The holiest day of the year, the day which the Torah designates as a Day of
Atonement for the sins of the Jewish people, begins with the little
understood but emotionally charged Kol Nidrei service. For reasons which are
not completely known to us, the compilers of the Yom Kippur machzor chose
Kol Nidrei, which is basically a halachic procedure for annulling certain
oaths and vows, as the opening chapter of the Yom Kippur services.
Obviously, then, there is more to Kol Nidrei than meets the eye. Let us take
a deeper look.
It is known that Kol Nidrei dates back to ancient times, possibly as far
back as the era of Anshei Keneses ha-Gedolah. The earliest written
version, though, is in the Siddur of Rav Amram Gaon, who lived in the ninth
century. Already then, the exact reason for reciting Kol Nidrei on Yom
Kippur was not clearly understood, and the Geonim and the early Rishonim
struggled with its exact meaning and purpose.
Halachic background – vows and oaths
In earlier times, much more so than today, individuals were inclined to
“accept upon themselves” different types of self-imposed obligations or
restrictions. In order to ensure that these would actually be kept, people
would label their self-imposed obligation as either a neder, a vow, or a
shevuah, an oath, thus giving it legal force. The binding status of vows and
oaths and the horrific and tragic consequences of violating them are
discussed in several places in the Torah and Rabbinic literature.
But the Torah also recognizes that sometimes these vows and oaths were
undertaken without due consideration of the consequences. More often than
not, the individual making the oath did not realize how difficult it would
be to keep it. Sometimes, an oath was declared in anger or out of spite and
eventually the individual regretted his words and wished to revoke them. To
that end, the Torah provided a legal formula called hataras nedarim,
allowing a petitioner to present his case before a beis din in order to find
a legal loophole and extricate the petitioner from his plight. This process
involves complex halachos, and indeed, not always can the court release the
petitioner from his vow.
The view of the early authorities
Before beseeching God for atonement of sins on Yom Kippur, it is imperative
that each individual absolve himself of any vows or oaths that he may have
made and subsequently violated. The severity of violating a vow or an oath
is such that it may block or interfere with the entire atonement process.
Consequently, one who is aware of any violations of oaths or vows that he
may have committed is strongly urged to petition a Jewish court in order to
find a way out of his self-imposed obligations. Indeed, it has become
customary that already on erev Rosh Hashanah, all males petition a beis din
for hataras nedarim.
But not everyone is familiar with the procedure of hataras nedarim, and not
everyone who has violated a neder or a shevuah realizes that he has done so.
To avert and to solve this problem, Kol Nidrei was instituted. Kol Nidrei
declares that in case an individual made a vow or an oath during the past
year and somehow forgot and violated it inadvertently, he now regrets his
hasty pronouncement. In effect he tells the “court” – comprised of the
chazan and two congregational leaders – that had he realized the gravity and
severity of violating an oath, he would never have uttered it in the first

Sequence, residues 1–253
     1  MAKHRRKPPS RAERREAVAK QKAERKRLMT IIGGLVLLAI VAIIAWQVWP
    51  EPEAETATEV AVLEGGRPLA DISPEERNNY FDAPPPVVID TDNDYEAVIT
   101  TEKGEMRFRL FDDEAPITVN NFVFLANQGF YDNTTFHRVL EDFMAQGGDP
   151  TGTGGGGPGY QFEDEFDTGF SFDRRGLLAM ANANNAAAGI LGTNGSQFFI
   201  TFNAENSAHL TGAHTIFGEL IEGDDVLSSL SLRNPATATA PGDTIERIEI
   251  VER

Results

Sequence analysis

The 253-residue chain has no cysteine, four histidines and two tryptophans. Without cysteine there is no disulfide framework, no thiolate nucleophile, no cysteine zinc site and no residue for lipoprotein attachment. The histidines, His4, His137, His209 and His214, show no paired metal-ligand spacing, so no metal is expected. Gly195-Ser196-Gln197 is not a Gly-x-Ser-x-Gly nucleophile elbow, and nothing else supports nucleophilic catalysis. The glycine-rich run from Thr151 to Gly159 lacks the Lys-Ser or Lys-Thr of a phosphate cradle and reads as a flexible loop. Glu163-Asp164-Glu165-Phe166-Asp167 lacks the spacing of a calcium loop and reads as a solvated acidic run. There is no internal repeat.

place. He thus begs for forgiveness and understanding.
This explanation of Kol Nidrei, put forth by many of the early authorities
and endorsed by the Rosh, fits nicely with the traditional text of Kol
Nidrei, which reads, “from the last Yom Kippur until this Yom Kippur,” since
we are focusing on vows and oaths which were undertaken during the past
The view of Rabbeinu Tam
Other authorities – led by Rabbeinu Tam – strongly object to this
interpretation of Kol Nidrei. Basing their opinion on various halachic
principles, they question if it is legally valid to perform hataras nedarim
in this manner. In their view, Kol Nidrei was instituted to deal with the
problem of unfulfilled vows, but from a different angle: Instead of
annulling existing vows and oaths, Kol Nidrei serves as a declaration
rendering invalid all future vows and oaths which may be uttered without due
forethought – “null and void, without power and without standing.”
Accordingly, the text was amended to read “from this Yom Kippur until the
next Yom Kippur,” since we are referring to what may happen in the future,
not to what has already happened in the past.
Which approach do we follow?
Most of the later authorities have accepted Rabbeinu Tam’s explanation of
Kol Nidrei and this has become the accepted custom in most congregations.
Nevertheless, in deference to the first opinion, many congregations include
both versions as part of the text. Thus the text in some machzorim reads
as follows: From the last Yom Kippur until this Yom Kippur [accounting for
vows already made], and from this Yom Kippur until the next Yom Kippur
[referring to future vows], etc.
It is important to note, however, that Kol Nidrei, whether referring to the
past or to the future, does not give one the right to break his word. As
previously explained, Kol Nidrei is valid only for additional obligations or
personal restrictions that an individual undertakes of his own volition. By
no means can hataras nedarim or Kol Nidrei exempt an individual from court-
or beis din -imposed oaths, etc.
A practical application
As stated earlier, vows and oaths are not too common in our times. It would
seem, therefore, that the halachic aspect of Kol Nidrei has little practical
application. But when properly understood, Kol Nidrei can be used as a tool
to rectify a fairly common halachic problem. There is a well-known ruling in